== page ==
As CREW noted in an explanation of its decision to appeal, Wallace “rule[d] in favor of the petitioners on every factual issue necessary to disqualify Trump from the ballot – including the historic ruling that he engaged in insurrection against the Constitution as president.”

“We are planning to build on the trial judge’s incredibly important ruling that Donald Trump engaged in insurrection, and we are ready to take this case as far as necessary to ensure that Donald Trump is removed from the ballot,” CREW president Noah Bookbinder said.

Attorneys for Trump also appealed the ruling. While they were happy that their client would still appear on the ballot, they took issue with Wallace ruling that he was an insurrectionist because of his actions on January 6.

It’s hard to conclude, however, through a basic reading of Section 3 of the 14th Amendment, that it doesn’t apply to Trump and his actions on January 6; nor to see how he could be an exception to the rule barring former officeholders from public office.

The amendment reads in part that no person who, “having previously taken an oath, as a member of Congress, or as an officer of the United States, or as a member of any state legislature, or as an executive or judicial officer of any state, to support the Constitution of the United States,” shall be able to run for or hold office again if they have “engaged in insurrection or rebellion.” Wallace’s ruling suggested that Trump, as a former president of the United States, didn’t fit the qualifications listed, including being “an officer” of the federal government.

In its brief filed with the state Supreme Court, CREW stated that Wallace’s finding — that Trump, as president, wasn’t an officer of the United States — was “counterintuitive” to a basic understanding of the federal government and reading of the Constitution.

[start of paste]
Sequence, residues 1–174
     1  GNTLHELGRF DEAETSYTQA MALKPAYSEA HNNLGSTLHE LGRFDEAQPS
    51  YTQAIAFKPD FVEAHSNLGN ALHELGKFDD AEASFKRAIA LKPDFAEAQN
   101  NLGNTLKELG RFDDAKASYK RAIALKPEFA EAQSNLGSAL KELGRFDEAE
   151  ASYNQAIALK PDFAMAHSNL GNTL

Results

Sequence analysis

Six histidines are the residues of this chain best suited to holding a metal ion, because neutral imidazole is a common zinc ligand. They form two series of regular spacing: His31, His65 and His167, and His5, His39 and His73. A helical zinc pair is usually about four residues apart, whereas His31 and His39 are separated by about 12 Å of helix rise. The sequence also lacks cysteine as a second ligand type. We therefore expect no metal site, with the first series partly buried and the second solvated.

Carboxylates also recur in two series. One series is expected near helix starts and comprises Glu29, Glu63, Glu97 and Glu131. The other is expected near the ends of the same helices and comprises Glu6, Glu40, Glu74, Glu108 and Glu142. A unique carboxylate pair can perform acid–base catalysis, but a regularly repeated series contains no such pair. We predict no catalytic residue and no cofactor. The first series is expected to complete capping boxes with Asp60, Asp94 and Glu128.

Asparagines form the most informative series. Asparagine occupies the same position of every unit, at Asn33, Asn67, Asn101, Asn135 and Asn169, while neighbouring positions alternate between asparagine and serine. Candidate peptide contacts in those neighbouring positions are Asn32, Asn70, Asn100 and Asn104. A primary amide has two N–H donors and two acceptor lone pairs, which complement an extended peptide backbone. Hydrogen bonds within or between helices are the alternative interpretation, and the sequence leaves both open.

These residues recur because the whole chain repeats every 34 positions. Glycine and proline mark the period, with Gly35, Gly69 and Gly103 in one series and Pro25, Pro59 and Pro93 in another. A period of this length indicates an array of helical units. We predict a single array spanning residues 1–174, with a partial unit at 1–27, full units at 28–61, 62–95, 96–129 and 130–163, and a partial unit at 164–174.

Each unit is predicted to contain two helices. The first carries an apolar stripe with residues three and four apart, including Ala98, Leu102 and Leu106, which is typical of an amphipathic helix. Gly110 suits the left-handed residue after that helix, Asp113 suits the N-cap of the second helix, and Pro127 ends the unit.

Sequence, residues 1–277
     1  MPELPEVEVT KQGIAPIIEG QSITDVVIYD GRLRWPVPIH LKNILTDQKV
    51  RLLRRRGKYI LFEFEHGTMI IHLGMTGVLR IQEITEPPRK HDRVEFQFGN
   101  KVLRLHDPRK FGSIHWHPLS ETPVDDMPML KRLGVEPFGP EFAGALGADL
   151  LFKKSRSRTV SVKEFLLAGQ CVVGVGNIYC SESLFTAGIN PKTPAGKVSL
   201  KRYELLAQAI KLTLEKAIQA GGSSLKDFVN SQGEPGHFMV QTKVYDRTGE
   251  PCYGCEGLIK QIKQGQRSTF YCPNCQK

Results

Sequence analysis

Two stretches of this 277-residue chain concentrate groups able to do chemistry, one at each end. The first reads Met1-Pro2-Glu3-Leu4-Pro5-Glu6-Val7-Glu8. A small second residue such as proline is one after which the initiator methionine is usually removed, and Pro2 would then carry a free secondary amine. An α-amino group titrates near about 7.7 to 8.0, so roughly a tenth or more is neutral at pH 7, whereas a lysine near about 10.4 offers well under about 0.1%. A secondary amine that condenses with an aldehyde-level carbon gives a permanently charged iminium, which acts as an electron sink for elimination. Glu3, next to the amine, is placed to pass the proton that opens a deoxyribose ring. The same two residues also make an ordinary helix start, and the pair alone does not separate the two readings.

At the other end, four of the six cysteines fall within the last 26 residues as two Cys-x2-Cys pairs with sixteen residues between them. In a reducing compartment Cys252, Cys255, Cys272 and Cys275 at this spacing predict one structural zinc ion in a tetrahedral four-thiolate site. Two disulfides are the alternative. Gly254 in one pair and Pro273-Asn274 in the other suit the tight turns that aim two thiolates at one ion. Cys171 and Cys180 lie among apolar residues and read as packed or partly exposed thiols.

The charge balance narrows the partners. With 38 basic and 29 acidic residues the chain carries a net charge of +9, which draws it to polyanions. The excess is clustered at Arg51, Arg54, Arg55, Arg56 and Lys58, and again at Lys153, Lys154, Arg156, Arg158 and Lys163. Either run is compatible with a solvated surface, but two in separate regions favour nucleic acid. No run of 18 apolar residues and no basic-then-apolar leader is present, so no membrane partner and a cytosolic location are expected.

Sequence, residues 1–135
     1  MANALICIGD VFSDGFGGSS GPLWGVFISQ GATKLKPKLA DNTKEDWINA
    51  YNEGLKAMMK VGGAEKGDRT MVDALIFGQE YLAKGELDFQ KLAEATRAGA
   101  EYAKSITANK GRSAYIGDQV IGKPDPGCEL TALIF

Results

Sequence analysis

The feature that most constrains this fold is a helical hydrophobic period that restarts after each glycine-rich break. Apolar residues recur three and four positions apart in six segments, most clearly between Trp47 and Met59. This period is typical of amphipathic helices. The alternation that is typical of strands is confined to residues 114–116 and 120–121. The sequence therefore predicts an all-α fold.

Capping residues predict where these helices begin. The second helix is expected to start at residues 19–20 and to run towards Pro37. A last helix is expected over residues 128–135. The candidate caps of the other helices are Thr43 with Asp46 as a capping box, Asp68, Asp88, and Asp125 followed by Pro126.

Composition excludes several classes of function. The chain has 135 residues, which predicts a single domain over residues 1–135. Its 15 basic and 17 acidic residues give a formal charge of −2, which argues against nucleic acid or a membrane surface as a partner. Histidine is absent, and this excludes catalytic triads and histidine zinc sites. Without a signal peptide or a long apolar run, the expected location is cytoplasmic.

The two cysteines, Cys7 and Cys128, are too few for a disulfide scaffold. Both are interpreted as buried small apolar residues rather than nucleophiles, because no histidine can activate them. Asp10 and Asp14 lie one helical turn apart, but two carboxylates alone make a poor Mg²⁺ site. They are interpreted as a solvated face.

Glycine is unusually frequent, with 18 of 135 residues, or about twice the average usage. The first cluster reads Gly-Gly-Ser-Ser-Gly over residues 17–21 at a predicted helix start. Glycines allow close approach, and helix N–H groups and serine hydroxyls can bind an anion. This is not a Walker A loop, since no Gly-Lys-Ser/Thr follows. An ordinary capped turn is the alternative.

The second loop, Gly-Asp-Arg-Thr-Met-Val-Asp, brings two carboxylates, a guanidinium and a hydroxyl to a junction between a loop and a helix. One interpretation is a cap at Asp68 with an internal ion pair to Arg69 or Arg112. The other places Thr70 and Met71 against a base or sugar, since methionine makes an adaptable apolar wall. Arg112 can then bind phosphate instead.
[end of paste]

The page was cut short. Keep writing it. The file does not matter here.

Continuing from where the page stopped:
“The Constitution itself, historical context, and common sense, all make clear that the Fourteenth Amendment’s disqualification clause extends to the President and the Presidency,” CREW wrote in its appeal brief.

The brief added:

The Constitution explicitly tells us, over and over, that the Presidency is an “office.” The natural meaning of “officer of the United States” is anyone who holds a federal “office.” And the natural reading of “oath to support the Constitution” includes the stronger Presidential oath to “preserve, protect, and defend the Constitution.”

“Instead of addressing the textual proof that the Presidency is an ‘office,'” CREW went on, “the district court relied on the fact that Section 3 does not specifically mention the Presidency. But there would have been no reason to specifically enumerate the Presidency, because it so clearly falls within the general language of ‘any office.'”

Legal experts lauded CREW for its thorough and detailed appeal brief, with former federal Judge J. Michael Luttig, a conservative jurist, describing it as “the most powerful, most compelling brief on a question of constitutional law” that he had ever read.

“There is simply no answer to the constitutional case made by [CREW] for the former president’s disqualification,” Luttig added.